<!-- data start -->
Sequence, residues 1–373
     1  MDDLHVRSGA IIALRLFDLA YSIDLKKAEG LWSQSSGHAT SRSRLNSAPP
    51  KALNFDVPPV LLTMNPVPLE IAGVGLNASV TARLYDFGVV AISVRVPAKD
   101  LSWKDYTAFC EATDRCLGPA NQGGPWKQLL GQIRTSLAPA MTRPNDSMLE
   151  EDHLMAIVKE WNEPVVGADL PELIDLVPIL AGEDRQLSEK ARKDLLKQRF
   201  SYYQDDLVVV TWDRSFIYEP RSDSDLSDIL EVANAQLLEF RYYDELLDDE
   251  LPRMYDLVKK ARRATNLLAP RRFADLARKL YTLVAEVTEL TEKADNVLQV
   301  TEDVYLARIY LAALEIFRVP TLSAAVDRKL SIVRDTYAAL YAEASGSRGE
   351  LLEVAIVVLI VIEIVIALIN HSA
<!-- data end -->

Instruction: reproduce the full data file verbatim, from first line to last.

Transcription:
Sequence, residues 1–373
     1  MDDLHVRSGA IIALRLFDLA YSIDLKKAEG LWSQSSGHAT SRSRLNSAPP
    51  KALNFDVPPV LLTMNPVPLE IAGVGLNASV TARLYDFGVV AISVRVPAKD
   101  LSWKDYTAFC EATDRCLGPA NQGGPWKQLL GQIRTSLAPA MTRPNDSMLE
   151  EDHLMAIVKE WNEPVVGADL PELIDLVPIL AGEDRQLSEK ARKDLLKQRF
   201  SYYQDDLVVV TWDRSFIYEP RSDSDLSDIL EVANAQLLEF RYYDELLDDE
   251  LPRMYDLVKK ARRATNLLAP RRFADLARKL YTLVAEVTEL TEKADNVLQV
   301  TEDVYLARIY LAALEIFRVP TLSAAVDRKL SIVRDTYAAL YAEASGSRGE
   351  LLEVAIVVLI VIEIVIALIN HSA